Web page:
Sant Juame is a smaller square compared to the Placa de Catalunya, and not nearly as busy. It does not have the tourist appeal that the busier squares in Barcelona have, but the historical sights this square has seen rival all the others. If you sit quietly in the square on a moonlight night, perhaps you, too, will witness the sounds and sights reminiscent of some of the city's greatest historical events. The most important government buildings in the city are here, just as they were in the Roman times.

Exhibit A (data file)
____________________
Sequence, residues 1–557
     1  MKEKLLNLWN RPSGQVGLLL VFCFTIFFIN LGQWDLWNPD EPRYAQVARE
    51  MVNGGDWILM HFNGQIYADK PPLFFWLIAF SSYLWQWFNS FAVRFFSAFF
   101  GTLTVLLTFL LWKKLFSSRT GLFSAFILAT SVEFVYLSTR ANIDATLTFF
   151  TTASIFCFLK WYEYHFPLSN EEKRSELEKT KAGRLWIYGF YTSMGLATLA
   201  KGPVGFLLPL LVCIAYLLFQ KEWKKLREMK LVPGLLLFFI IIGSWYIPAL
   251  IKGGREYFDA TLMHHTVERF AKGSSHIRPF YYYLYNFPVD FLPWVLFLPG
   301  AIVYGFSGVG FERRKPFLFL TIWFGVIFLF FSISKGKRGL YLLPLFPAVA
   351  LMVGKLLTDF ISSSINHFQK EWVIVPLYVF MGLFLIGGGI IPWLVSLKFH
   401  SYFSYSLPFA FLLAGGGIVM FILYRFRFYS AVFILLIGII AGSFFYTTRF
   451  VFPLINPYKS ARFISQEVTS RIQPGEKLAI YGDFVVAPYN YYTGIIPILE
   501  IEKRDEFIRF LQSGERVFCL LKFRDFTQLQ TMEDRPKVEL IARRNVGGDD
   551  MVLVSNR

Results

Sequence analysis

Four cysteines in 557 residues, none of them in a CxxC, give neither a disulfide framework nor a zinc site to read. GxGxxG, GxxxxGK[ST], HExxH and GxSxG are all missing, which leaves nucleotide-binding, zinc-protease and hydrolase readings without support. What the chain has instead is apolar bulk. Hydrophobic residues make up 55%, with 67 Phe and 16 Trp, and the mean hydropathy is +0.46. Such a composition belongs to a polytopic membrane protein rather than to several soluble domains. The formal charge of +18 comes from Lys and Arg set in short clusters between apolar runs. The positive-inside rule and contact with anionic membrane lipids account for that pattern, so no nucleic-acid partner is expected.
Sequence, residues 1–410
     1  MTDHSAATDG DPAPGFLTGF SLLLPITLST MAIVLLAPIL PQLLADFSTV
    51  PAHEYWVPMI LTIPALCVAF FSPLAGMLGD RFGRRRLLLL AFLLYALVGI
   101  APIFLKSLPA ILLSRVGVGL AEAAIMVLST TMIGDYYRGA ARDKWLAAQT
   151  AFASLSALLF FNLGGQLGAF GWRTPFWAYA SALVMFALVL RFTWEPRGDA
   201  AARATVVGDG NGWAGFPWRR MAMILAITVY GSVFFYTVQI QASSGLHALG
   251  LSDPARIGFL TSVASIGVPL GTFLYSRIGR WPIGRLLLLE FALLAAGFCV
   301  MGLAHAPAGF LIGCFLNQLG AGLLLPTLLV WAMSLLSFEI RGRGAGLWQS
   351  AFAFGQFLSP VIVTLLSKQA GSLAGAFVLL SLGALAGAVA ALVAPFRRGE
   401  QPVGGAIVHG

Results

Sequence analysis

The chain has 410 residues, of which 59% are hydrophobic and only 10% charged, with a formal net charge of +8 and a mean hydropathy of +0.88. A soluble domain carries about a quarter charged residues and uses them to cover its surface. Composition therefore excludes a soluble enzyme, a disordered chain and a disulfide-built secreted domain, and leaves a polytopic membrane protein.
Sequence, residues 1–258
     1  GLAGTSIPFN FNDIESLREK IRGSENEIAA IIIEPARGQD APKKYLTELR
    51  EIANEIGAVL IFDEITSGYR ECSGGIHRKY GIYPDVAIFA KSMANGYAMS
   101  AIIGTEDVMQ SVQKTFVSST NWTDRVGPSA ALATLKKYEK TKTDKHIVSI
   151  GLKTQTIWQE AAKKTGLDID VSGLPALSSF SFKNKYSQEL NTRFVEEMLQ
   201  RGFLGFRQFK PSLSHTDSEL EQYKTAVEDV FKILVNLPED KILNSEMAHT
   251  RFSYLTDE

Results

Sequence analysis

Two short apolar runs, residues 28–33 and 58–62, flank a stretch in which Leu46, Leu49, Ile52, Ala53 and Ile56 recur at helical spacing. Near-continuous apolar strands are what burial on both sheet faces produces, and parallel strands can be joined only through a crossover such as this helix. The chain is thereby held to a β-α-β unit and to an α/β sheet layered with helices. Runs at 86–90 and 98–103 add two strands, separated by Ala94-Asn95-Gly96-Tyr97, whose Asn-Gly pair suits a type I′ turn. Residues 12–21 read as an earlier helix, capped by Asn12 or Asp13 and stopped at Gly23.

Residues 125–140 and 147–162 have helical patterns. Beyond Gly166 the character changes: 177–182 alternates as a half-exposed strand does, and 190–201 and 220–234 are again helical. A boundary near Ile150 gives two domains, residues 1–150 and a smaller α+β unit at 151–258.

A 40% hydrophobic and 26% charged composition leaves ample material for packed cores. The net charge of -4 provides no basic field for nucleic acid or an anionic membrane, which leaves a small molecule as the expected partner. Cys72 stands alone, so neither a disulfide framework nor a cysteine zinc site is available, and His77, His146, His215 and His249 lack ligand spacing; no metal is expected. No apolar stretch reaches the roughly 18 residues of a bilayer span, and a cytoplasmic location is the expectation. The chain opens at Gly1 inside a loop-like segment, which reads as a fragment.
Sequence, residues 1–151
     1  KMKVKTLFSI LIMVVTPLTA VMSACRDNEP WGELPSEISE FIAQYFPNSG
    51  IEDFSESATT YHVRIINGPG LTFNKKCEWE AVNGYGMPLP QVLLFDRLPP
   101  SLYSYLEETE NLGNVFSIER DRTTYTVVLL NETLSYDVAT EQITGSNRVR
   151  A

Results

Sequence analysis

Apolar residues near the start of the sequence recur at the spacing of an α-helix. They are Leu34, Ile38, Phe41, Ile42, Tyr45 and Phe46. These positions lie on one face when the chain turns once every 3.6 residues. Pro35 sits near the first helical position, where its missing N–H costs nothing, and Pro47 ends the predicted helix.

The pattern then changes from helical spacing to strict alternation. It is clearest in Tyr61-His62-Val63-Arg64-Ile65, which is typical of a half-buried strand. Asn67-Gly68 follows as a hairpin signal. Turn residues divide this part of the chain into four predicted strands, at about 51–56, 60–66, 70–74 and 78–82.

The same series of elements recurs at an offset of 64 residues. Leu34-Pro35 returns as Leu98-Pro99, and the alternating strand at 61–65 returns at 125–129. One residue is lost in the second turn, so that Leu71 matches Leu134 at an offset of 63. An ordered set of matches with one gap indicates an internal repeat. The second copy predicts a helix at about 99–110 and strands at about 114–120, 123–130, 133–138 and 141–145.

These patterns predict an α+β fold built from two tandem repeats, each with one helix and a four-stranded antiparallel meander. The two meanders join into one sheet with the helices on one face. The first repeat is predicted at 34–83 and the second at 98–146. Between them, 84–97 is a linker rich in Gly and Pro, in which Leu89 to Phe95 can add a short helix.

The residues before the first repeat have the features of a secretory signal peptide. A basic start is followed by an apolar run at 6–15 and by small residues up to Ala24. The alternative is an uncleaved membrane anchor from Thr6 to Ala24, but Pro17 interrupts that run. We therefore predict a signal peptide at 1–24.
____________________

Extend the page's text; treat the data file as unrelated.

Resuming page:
The government of the Autonomous Community of Catalunya makes its home here (the palace of the Generalitat), as does city hall. The proclamation of the Catalan State occurred here in 1931 as well as the return of once exiled Josep Tarradellas in 1977. He was exiled to France in 1939 but returned after negotiating the reestablishment of the Generalitat de Catalunya with Adolfo Suarez, then president of the Spanish government. The best reason to visit the square, however, is to see the dancers on Sunday mornings. Schedule this event into your stay in Barcelona, when the people of Catalonia come to the square to honor their heritage and dance the national dance, called the Sardana.
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